Living in Miami has its high points. From the incredibly flavorful Latin and Caribbean cuisines, the alcohol-fueled nightlife and the 24/7 sunshine, South Florida can be a safe haven for any young professional in their early to mid-twenties. However, the only thing that could ruin the utopian image they have of Miami is the lack of accessible public transportation.
Nearly every major US city has public transportation that is quick and easy for its citizens to use. South Florida, for all its outside activities, is nearly impossible to navigate around unless you have a car.
Over the course of ten years, Miami’s growth as a city has tripled in population, thus leading to overpopulation and an influx of snowbirds from other states. Another rapidly growing city that is going through something similar is our nation’s capital, Washington D.C. Both rivaling each other in housing unaffordability, D.C and Miami have quite a few things in common. They’re both growing metropolitan cities with a young demographic and both have a booming industry when it comes to tourism.
The only problem with Miami is that, in comparison to D.C, the metro system is a farce. A month ago, I was privileged enough to be able to vacation in Washington for about two weeks. The drastic change in metro systems was enough for me to want to stay there for another month and a half.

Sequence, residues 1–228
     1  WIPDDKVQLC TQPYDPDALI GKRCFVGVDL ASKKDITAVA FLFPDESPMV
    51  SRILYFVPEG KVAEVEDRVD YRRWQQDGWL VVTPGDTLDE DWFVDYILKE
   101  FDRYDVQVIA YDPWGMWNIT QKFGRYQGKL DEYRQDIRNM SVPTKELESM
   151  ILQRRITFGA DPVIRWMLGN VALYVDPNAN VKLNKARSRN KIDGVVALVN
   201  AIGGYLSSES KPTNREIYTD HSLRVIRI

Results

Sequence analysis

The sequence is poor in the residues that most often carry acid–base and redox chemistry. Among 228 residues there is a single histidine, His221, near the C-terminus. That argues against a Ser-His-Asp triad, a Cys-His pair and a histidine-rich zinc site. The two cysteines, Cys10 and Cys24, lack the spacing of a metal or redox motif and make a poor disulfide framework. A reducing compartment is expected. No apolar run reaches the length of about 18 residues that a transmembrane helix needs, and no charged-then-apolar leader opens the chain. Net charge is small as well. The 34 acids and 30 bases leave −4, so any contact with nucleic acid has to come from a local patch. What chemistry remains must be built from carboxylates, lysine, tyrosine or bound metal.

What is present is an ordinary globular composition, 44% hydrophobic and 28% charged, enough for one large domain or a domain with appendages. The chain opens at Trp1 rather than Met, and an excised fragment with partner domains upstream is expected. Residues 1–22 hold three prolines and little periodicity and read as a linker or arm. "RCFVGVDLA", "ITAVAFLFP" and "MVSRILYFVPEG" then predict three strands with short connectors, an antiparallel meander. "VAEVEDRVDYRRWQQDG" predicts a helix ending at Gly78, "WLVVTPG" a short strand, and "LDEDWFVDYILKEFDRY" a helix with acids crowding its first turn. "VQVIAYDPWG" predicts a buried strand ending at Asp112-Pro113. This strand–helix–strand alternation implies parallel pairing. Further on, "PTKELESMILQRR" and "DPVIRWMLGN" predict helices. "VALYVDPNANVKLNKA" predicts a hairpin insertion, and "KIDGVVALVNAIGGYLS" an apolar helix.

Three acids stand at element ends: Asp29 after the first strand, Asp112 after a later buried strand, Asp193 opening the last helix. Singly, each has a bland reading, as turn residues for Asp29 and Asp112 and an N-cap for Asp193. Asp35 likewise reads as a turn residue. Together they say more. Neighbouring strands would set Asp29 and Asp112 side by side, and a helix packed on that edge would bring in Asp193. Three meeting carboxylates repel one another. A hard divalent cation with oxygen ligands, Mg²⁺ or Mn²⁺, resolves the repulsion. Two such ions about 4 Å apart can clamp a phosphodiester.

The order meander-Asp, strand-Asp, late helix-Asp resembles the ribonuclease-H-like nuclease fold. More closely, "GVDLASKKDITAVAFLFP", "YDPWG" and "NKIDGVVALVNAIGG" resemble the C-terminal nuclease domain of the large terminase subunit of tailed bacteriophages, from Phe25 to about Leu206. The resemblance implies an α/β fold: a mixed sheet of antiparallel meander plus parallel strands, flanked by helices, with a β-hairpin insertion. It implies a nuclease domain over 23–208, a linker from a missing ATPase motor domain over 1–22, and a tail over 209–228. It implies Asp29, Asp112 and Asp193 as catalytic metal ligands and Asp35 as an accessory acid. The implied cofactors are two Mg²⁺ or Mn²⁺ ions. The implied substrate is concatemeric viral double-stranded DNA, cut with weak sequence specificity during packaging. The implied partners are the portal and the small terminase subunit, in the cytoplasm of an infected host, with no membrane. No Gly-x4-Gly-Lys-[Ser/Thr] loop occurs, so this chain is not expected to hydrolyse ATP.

D.C, thanks to their triangular streets, could easily create a subway system that was designed to move massive amounts of people.
Using their Metro was perhaps the most enlightening experience of my life. The simplicity and the ease of transportation made traversing through the National Mall a breeze. In Miami, compared to its national counterpart, has a huge cleanliness problem, couple that with its inability to make it accessible to all of South Florida (Cutler Bay, Homestead, Palmetto, etc,) and it makes it impossible to comfortably get where you’re supposed to go. As a young professional trying to pay rent, light, and water bills, having a cheap and easy option to get around town is a plus.
Where other cities have competent, trouble-free subway structures, it’s clear that Miami lags behind in several areas. D.C is a transportation mecca, it’s no wonder that people are flocking to it to begin their future and fulfill their dreams. If Miami wants to keep up with other progressive cities in the country, it’s imperative that changes are made to public transportation.
If not, they could see young adults leave their city in droves in search of greener pastures.